To prevent HIV-1 infections in females, vaccines that elicit antibodies in vaginal secretions are much desired. To induce these antibodies, intravaginal vaccinations are sometimes recommended. However, the benefit of intravaginal vaccination remains a topic of debate, and parallel studies of intravaginal and intramuscular vaccination routes are rarely performed. Here we describe tests of mucosal and systemic antibodies after mouse vaccinations by several routes with HIV-1 envelope protein formulated in adjuvant. Response magnitudes were as follows: intraperitoneal > intramuscular = intravaginal tissue ≥ subcutaneous. We found that the well-accepted and logistically feasible intramuscular immunization was similar to intravaginal tissue immunization for the induction of antibodies in blood and vaginal secretions. Results suggest that a routine comparison of intravaginal and intramuscular immunizations may serve as a beneficial gatekeeper for the development of new intravaginal HIV-1 vaccines.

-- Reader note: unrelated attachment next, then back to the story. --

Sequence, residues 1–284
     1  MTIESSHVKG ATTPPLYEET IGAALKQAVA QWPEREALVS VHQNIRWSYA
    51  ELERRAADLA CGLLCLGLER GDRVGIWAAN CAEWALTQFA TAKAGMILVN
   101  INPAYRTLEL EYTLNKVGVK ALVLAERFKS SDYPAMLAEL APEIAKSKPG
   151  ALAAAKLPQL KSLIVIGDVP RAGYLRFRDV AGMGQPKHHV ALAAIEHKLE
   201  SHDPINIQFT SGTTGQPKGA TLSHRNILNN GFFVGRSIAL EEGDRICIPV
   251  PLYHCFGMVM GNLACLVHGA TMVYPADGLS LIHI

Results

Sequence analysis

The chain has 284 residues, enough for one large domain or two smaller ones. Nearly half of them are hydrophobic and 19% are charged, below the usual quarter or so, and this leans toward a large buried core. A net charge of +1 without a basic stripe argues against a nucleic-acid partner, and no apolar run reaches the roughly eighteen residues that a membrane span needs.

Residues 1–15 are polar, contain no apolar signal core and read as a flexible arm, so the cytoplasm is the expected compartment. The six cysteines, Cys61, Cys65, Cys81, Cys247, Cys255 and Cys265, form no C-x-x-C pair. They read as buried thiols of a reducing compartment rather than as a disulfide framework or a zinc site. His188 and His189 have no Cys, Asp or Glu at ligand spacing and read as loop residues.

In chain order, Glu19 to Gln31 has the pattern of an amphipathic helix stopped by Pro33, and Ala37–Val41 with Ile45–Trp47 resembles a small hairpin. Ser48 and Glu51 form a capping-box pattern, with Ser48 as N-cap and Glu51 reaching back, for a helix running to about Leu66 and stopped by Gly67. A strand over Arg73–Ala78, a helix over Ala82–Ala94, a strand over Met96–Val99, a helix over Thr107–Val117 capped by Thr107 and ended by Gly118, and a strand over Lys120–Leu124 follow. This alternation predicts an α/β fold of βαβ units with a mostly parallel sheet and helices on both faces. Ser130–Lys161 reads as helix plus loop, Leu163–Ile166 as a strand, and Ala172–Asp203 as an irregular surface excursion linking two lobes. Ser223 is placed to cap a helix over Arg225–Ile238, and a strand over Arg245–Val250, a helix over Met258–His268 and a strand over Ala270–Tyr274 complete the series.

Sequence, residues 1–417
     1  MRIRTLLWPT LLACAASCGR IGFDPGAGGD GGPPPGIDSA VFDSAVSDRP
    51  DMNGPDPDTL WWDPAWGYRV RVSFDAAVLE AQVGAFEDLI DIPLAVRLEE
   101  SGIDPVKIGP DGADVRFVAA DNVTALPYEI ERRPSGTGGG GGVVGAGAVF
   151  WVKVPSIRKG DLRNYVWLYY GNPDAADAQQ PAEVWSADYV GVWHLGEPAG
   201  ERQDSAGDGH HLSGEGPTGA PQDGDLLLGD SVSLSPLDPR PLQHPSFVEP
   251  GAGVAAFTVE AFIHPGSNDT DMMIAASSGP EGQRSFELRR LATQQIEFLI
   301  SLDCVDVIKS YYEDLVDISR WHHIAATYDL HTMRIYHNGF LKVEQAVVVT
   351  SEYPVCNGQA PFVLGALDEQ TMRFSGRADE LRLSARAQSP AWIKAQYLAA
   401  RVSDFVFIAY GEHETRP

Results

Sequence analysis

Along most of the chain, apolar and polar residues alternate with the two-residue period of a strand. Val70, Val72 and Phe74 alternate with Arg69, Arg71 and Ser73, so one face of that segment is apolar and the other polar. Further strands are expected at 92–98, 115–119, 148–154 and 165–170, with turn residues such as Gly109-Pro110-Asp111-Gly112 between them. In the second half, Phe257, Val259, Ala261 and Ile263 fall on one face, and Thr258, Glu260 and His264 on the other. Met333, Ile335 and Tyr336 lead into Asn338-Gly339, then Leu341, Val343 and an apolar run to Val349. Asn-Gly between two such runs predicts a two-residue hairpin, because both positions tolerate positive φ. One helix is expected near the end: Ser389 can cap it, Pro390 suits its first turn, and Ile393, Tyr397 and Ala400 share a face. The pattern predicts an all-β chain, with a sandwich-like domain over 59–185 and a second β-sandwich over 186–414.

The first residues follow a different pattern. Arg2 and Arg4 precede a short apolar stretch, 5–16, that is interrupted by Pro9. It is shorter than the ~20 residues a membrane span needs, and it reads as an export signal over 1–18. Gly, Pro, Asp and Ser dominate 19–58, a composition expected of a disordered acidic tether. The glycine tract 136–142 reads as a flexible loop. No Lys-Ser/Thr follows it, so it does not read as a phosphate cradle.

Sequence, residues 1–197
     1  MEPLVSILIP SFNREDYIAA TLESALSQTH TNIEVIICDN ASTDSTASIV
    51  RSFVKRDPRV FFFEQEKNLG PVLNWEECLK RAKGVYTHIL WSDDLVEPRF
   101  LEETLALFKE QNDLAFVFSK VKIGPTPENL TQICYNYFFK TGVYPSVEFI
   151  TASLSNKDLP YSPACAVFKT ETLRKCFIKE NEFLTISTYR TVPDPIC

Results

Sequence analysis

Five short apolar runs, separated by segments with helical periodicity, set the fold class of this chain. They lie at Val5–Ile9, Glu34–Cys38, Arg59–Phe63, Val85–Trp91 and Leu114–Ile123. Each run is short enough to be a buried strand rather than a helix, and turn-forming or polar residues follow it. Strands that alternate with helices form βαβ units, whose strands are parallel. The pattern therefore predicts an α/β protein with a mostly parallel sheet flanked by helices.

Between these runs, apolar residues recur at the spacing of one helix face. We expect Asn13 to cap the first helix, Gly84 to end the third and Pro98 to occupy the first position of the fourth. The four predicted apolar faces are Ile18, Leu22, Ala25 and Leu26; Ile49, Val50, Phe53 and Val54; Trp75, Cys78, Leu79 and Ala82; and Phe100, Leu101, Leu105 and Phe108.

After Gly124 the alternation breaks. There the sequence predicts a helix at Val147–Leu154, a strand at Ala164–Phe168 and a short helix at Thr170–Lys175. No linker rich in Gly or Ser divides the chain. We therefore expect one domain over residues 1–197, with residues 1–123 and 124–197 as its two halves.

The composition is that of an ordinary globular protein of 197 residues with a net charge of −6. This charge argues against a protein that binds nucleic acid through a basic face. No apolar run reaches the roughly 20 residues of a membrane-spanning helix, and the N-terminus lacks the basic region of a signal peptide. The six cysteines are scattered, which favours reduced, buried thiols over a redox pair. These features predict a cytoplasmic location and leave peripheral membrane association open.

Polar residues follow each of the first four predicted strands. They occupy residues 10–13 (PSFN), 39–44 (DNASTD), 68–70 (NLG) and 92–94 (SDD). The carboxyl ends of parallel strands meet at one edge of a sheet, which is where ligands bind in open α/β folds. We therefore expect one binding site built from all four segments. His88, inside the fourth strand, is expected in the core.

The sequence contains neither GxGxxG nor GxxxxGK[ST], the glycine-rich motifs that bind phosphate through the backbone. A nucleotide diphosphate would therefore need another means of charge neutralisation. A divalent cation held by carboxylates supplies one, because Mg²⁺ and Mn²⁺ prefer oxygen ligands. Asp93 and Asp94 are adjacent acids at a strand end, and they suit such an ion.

Parallel Analyses of Systemic and Local Vaccinations with Envelope Formulated in Adjuvant for Induction of HIV-Specific Antibodies in the Vaginal Mucosa.